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A picture was worth a thousand words before internet-inflation: now it's worth the same thousand words, but most of them are "LOL" or "meh" and they're spread over a hundred blogs of virtually interconnected assholes. Newly released images are replicated across the net more than an Andy Warhol painting trapped in a photocopier, meaning a single bad picture can hit a company’s weak spot for massive damage.
That's why companies hire entire divisions of PR personnel more insanely dedicated to taking the shot than Lee Harvey Oswald – but because people are people and marketing execs are something else entirely, they still release things more offensively stupid than a Sarah Palin-shaped rocket launcher. Like these images, for example.
The infamous image of three booth babes enjoying an unplugged Xbox. It's more often seen as the "Female Gamers" demotivational poster thanks to one slightly overlooked detail...
So, yeah. Promotional photos are often fake – big revelation. We were already kinda clued in that this wasn’t exactly a candid shot of real girls at a sleepover, thanks to the fact that the gals in this pic:
a) Look good
b) Are dressed up
c) Pretended to legitimately care about stupid nerd stuff like games
Asking these models to actually play the Xbox in the picture as well is like insisting Pierce Brosnan really kill seventy Russian spies - it's a ridiculous demand based on an impossible fantasy. The problem is, no one else noticed there should be something plugged into its holes (something 90% of all online photographers taking pictures of women know - zing). So if you've ever wondered how console companies can release such idiotic efforts (and after this article, you will), remember: it's because most of the people involved think gaming consoles are a special type of paperweight.
Promoting "Indiana Jones and the Staff of Kings" was never going to be easy - it came out a full year after Crystal Skull proved that even Harrison Ford can't make Indiana cool, and that's who he is. Which may be why Lucasarts went insane and tried to find someone who looked even worse.
Whip expert "Dante" looks like someone's uncle arriving uninvited to a Halloween party 20 years late. He was hired to break the world record for the number of whipcracks in one minute, which would have been slightly less of a disaster if the previous record-holder wasn't him, and massively less of a disaster if he hadn't still failed. Even more laughable, Lucasarts, obviously more impressed with this man's devastating beer gut than anyone else, bought a $3 million liability insurance policy to protect the event from mishaps. We know it’s a safeguard against whiners screaming “lawsuit,” but this geriatric grog guzzler couldn't do three million dollars worth of damage if he was demonstrating a nuclear warhead.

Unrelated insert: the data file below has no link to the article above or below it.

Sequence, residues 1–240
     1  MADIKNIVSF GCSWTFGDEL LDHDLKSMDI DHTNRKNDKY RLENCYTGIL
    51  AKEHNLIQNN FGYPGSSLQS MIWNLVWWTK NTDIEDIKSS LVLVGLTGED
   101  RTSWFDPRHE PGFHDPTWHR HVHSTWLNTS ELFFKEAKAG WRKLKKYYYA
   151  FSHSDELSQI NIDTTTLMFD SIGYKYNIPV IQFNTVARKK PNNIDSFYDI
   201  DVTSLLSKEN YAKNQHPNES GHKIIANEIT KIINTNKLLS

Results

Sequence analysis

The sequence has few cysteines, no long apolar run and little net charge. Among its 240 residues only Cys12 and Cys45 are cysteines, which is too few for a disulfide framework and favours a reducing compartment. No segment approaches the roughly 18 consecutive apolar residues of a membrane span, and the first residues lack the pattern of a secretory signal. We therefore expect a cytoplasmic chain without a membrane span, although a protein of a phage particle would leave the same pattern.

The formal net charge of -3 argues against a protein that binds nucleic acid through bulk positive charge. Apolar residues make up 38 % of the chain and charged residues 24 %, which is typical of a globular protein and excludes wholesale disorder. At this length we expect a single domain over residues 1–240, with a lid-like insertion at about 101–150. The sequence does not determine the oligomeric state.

What's even worse is that "most whipcracks per second" sounds kickass but is less exciting than accountants arguing over a beige tax return. It consists entirely of waggling the whip back and forward like you're trying to dry the handle, being sure not to snag the whip on anything, and is the least impressive-looking thing you can do with a bullwhip short of failing to hang yourself.
They forced him to attempt the record outside when the weather was utterly unsuitable. When people are attempting something cool like the land speed record, they wait until the absolute perfect moment. When it's the whip guy, they shout, "shut up and get started, the cameraman's already here and he's got a real skill."
We're proud of our humorous images here at GamesRadar, but we swear we didn't make this one. We couldn't even claim to make something so ridiculous and making ridiculous jokes about games is our entire job.
Activision sponsored Edinburgh Zoo's Wolverine enclosure for a year on two conditions:
1) They change the Wolverine's name to "Logan"
2) Nobody tell Activision what wolverines really look like.
See, actual wolverines don’t look cool. They’re weasels. True, they’re fairly large weasels, but still – not exactly an 850-lb Grizzly bear. Here’s a video of a man holding one like a toddler and kissing it repeatedly. If you don’t know they can fight like an animal several times their size, actual wolverines are about as intimidating as goldfish and less scary than realizing you've ordered too much ice-cream. And unless it’s baring its fangs and hissing like a banshee, it makes anyone around them look like a sissy - which is exactly what “Logan” is doing here.
The promotional images look like Activision are taking the piss out of their own game (though they shouldn't have bothered, since most reviews did it for them.) Oh, and in an unbelievably apropos parallel to the game, this doomed attempt at promoting wolverines involved sponsoring Edinburgh Zoo's wolverine breeding program, despite the fact that the zoo only has one wolverine. Which we now suspect has hairy palms. Activision couldn't do worse damage to Wolverine’s masculinity unless it made his costume pink and replaced his claws with curling irons.
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